“Some of the stuff we do on defense, we actually have one thing we call on the pin downs, we say we’re going to ‘Del Negro it’ and that’s in his honor and we’ve done that for 15 years,” Popovich said a few years ago. “We have a Del Negro defense out there because he couldn’t play a lick of D. At times we had to invent something just to hide him, so we call it ‘Del Negro’ and you do certain things on the court and everybody has to make up for that guy who’s the ‘Del Negro.’”

Signing with the Spurs was a very smart decision. In addition to Pop’s ability to compensate for struggling defenders, they have a history of turning scrap-heap players into key contributors and he’ll have plenty of weapons around him, which should give him open looks.

Fredette is dangerously close to being out of the NBA, so he really needs to emerge as a contributor with the Spurs this season – even if it’s just in a limited role – and carve out a niche for himself. His best bet is becoming a three-point specialist, since his shooting stroke has always been his best attribute.

He’s now 26 years old and if he has another failed stint or two, it’s possible that teams will stop offering those one-year deals and even the partially guaranteed money will dry up because teams will realize his failures haven’t been situational. A lot of executives and coaches like to believe that their franchise can be the one to turn a journeyman with some potential into a productive player, but that belief tends to diminish more and more with each failed stint a player has had with a new team.

It’s very possible that Fredette could thrive in San Antonio and this article looks silly one year from now (and, for Fredette’s sake, I hope that’s exactly what happens). The Spurs are excellent at turning another team’s trash into their treasure.

Bruce Bowen went undrafted and played for three French teams, two CBA teams and three other NBA teams (the Miami HEAT, Boston Celtics and Philadelphia 76ers) before he joined San Antonio, became a key piece on three champion squads and was named to the NBA’s All-Defensive team in each of his eight seasons with San Antonio.

For a more recent example, Danny Green believed his NBA career was over just before he signed with the Spurs in 2010. He was selected with the 46th overall pick in the 2009 NBA Draft by the Cleveland Cavaliers, but struggled with them and was waived just 20 games into his rookie season. After that, Green suited up for three different D-League teams and has said he believed he’d be forced to spend the rest of his career overseas if he wanted to make a living playing basketball. However, the Spurs signed him in November of 2010, he had a stint in Slovenia during the NBA lockout, returned to San Antonio right after and the rest is history. Now, he’s an NBA champion and one of the better two-way shooting guards in the game.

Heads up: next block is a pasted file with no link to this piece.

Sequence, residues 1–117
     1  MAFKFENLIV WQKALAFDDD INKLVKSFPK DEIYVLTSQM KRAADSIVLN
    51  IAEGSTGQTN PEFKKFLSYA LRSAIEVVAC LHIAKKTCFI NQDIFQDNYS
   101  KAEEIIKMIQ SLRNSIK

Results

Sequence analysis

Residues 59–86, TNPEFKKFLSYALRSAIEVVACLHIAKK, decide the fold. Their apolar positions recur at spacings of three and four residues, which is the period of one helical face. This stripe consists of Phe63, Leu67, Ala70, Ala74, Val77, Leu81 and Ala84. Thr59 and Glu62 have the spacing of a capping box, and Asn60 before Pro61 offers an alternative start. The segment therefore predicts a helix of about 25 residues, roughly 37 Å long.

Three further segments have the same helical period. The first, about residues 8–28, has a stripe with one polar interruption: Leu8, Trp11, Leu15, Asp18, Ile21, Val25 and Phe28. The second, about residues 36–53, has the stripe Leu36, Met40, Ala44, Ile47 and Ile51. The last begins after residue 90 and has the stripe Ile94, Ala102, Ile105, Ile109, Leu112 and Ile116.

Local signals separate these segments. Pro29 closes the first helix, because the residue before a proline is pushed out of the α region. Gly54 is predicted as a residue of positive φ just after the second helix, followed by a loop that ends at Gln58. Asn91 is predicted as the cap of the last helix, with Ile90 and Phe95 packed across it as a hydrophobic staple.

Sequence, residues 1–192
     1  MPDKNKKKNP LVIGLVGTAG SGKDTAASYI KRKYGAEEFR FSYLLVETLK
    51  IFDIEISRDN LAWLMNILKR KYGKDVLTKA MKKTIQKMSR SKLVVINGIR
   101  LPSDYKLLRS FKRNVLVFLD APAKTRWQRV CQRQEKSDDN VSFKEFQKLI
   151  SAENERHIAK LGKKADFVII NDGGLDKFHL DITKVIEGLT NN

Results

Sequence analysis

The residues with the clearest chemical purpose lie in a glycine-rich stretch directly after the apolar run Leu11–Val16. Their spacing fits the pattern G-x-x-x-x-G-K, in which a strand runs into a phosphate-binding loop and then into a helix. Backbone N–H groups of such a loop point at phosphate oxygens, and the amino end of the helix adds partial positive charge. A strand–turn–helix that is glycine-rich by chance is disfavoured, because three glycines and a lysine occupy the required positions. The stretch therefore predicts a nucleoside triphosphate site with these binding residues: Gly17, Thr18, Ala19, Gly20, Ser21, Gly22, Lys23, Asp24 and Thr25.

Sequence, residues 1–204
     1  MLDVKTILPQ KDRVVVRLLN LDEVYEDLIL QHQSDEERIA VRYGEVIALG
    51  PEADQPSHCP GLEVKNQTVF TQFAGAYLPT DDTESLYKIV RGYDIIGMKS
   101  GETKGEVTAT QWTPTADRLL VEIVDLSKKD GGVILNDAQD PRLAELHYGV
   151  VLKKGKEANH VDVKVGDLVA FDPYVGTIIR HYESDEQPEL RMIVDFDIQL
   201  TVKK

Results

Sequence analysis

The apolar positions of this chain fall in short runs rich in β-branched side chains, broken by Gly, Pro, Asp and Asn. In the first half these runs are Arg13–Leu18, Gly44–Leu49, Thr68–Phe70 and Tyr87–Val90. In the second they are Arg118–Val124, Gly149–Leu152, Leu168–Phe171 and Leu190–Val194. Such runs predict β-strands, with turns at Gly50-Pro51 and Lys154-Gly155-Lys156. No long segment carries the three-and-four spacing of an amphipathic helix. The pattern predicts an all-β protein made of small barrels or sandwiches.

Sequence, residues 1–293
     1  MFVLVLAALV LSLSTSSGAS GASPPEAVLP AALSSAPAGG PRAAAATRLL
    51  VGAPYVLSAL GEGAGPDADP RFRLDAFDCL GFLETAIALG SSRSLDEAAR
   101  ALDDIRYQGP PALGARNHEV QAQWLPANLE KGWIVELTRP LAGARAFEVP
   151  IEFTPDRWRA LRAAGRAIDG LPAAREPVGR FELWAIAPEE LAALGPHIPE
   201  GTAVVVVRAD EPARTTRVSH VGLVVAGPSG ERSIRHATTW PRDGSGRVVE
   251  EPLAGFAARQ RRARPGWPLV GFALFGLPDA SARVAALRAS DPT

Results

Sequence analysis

Fredette could end up being San Antonio’s latest reclamation project. Again, the fact that he’ll get open shots and be surrounded by quality defenders bodes well for him. He just needs to make the most of this opportunity playing for one of the NBA’s best teams in order to give him some security going forward.

If he does struggle once again this season, he may be relegated to either playing overseas or trying to make a team via a 10-day contract or training camp deal going forward. There are quite a few people in NBA circles who believe that Fredette simply isn’t an NBA-caliber player. His name and the hope that he still has some untapped potential has given him a number of opportunities, but he’s running out of opportunities to prove himself.

New Podcast Episode!

If you missed it last night, the latest episode of the Basketball Insiders Podcast dropped. In this installment, Steve Kyler and Eric Pincus discuss the trade rumors surrounding Jamal Crawford and what deals could make sense for the Los Angeles Clippers, Tristan Thompson’s negotiations with the Cleveland Cavaliers and much more. Listen here: